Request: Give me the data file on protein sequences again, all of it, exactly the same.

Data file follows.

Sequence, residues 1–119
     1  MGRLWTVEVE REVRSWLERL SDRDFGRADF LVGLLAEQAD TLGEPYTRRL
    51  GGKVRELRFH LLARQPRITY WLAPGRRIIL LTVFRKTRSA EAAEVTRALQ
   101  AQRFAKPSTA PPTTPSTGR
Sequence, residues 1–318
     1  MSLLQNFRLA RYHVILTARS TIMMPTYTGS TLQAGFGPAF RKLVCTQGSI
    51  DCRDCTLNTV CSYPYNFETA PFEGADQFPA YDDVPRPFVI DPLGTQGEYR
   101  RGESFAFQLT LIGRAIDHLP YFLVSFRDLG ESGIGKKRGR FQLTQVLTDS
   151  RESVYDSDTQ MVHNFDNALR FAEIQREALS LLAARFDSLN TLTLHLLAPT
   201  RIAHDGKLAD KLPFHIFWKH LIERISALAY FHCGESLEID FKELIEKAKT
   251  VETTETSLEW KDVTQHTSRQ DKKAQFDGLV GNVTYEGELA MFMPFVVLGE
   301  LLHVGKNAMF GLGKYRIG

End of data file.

Sequence, residues 1–119
     1  MGRLWTVEVE REVRSWLERL SDRDFGRADF LVGLLAEQAD TLGEPYTRRL
    51  GGKVRELRFH LLARQPRITY WLAPGRRIIL LTVFRKTRSA EAAEVTRALQ
   101  AQRFAKPSTA PPTTPSTGR
Sequence, residues 1–318
     1  MSLLQNFRLA RYHVILTARS TIMMPTYTGS TLQAGFGPAF RKLVCTQGSI
    51  DCRDCTLNTV CSYPYNFETA PFEGADQFPA YDDVPRPFVI DPLGTQGEYR
   101  RGESFAFQLT LIGRAIDHLP YFLVSFRDLG ESGIGKKRGR FQLTQVLTDS
   151  RESVYDSDTQ MVHNFDNALR FAEIQREALS LLAARFDSLN TLTLHLLAPT
   201  RIAHDGKLAD KLPFHIFWKH LIERISALAY FHCGESLEID FKELIEKAKT
   251  VETTETSLEW KDVTQHTSRQ DKKAQFDGLV GNVTYEGELA MFMPFVVLGE
   301  LLHVGKNAMF GLGKYRIG